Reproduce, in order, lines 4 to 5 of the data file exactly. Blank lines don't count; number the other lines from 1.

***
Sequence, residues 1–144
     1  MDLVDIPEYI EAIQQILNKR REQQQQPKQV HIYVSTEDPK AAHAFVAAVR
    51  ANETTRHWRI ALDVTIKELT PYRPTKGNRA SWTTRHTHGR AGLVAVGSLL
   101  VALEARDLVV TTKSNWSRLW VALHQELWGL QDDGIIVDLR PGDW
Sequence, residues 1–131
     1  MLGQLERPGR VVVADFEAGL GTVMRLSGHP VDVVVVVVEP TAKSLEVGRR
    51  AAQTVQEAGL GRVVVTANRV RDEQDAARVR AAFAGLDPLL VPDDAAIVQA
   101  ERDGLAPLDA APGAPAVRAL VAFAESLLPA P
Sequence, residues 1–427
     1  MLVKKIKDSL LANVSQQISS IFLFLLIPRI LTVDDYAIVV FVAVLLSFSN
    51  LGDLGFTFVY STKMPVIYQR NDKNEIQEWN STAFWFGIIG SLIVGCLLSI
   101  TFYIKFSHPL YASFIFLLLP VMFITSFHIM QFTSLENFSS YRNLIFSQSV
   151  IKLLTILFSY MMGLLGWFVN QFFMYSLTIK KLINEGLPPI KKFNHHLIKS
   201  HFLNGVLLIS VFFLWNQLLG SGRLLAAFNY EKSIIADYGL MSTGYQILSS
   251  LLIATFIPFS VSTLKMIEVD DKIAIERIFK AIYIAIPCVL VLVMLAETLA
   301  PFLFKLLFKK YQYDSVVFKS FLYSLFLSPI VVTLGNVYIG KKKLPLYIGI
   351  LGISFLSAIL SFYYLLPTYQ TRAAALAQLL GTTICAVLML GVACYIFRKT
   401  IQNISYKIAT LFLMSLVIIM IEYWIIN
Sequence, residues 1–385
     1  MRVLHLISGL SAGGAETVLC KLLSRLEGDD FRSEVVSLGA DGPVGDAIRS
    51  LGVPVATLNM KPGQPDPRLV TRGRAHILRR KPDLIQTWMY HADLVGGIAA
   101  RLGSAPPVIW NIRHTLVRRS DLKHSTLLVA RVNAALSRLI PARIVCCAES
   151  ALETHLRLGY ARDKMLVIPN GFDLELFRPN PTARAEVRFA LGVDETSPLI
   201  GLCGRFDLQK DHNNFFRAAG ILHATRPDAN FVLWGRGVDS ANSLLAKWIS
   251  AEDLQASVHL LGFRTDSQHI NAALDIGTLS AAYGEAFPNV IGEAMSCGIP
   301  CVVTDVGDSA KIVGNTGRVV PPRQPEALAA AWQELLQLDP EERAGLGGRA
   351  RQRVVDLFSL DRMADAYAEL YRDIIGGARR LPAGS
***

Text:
   101  VALEARDLVV TTKSNWSRLW VALHQELWGL QDDGIIVDLR PGDW
Sequence, residues 1–131